Cramer: GE CEO Larry Culp could have what it takes to turn the troubled power division around


General Electric CEO Larry Culp has simplified the company’s report techniques and could be on the right path to fix the challenges in its power division, CNBC’s Jim Cramer said Wednesday.

Culp, who became chief of GE in September, delivered his first annual letter to shareholders on Tuesday that Cramer said made a significant departure from pages of “incomprehensible” numbers about each of the conglomerate’s businesses. The annual report laid out the 2018 performances of all eight segments on one condensed page.

“It’s honest, it’s forthright, it’s straightforward, and short,” the “Mad Money” host said. “It’s the most un-GE piece of correspondence I’ve ever seen. The culture shock here is downright stunning.”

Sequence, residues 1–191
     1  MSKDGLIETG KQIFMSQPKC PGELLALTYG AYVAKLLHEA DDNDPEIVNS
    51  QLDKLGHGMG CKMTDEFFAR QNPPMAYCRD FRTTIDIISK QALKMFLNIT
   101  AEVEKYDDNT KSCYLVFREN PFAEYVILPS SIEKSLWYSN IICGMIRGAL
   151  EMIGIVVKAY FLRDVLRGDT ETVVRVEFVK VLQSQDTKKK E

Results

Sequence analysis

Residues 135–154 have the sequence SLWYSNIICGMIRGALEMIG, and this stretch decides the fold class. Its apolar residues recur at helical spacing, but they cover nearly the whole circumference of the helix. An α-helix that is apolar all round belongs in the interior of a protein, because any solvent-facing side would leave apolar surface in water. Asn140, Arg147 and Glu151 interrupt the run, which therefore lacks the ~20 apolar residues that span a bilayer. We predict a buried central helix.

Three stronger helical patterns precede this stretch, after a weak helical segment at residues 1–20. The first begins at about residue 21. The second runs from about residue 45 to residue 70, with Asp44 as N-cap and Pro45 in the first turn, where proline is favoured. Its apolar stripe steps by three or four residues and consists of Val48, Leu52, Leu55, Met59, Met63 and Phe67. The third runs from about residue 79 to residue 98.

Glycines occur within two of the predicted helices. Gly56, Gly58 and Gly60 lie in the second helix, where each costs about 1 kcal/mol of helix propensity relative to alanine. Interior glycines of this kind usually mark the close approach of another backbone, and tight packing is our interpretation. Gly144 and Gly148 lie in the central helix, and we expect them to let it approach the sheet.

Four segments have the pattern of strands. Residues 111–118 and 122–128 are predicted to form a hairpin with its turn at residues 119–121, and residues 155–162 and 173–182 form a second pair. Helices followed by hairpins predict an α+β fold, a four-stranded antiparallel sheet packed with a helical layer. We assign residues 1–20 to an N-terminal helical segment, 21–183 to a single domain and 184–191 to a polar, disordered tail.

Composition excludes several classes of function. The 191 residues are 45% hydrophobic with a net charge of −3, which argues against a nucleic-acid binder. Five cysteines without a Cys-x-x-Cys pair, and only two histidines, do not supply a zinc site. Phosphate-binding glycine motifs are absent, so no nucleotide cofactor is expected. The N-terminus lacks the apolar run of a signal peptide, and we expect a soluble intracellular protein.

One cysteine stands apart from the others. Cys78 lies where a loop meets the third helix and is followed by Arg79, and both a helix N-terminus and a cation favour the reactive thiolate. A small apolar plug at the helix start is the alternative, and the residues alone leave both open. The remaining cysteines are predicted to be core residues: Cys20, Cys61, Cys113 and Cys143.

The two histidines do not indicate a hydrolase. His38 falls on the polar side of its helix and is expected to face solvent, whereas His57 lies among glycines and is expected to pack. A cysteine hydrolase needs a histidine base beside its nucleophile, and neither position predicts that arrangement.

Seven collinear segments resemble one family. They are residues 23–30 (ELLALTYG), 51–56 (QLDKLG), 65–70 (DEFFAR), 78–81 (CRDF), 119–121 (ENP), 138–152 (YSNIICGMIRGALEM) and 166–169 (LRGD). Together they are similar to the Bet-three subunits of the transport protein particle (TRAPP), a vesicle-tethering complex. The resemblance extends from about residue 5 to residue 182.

The page explains the mission, staff count, and five key year-over-year financial comparisons for each segment. It showed that profit was up double digits in the aviation and oil and gas divisions, but Cramer said Culp has his work cut out in the power division.

That division, according tot he report, had about 59,700 employees, saw orders decrease 23 percent, and lost $808 million in 2018. Cramer said the business is overstaffed.

“The power division is killing them,” he said.

But a fixed power segment with the backdrop of a “fabulous” aviation division and a “very good” health care business would put GE in a good position, Cramer said, along with other “flotsam and jetsam” that need to be shrunk or sold.

The host even pointed out that Culp included a quote from Ernst Kraaij of GE’s power business that read: “the beginning of wisdom is to call things by their proper name.”

Culp followed that line writing the company is “embracing our reality and executing the plan … Now it’s more about what we do than what we say.”

“After reading this incredible letter, you know what I think he can pull it off,” Cramer said.

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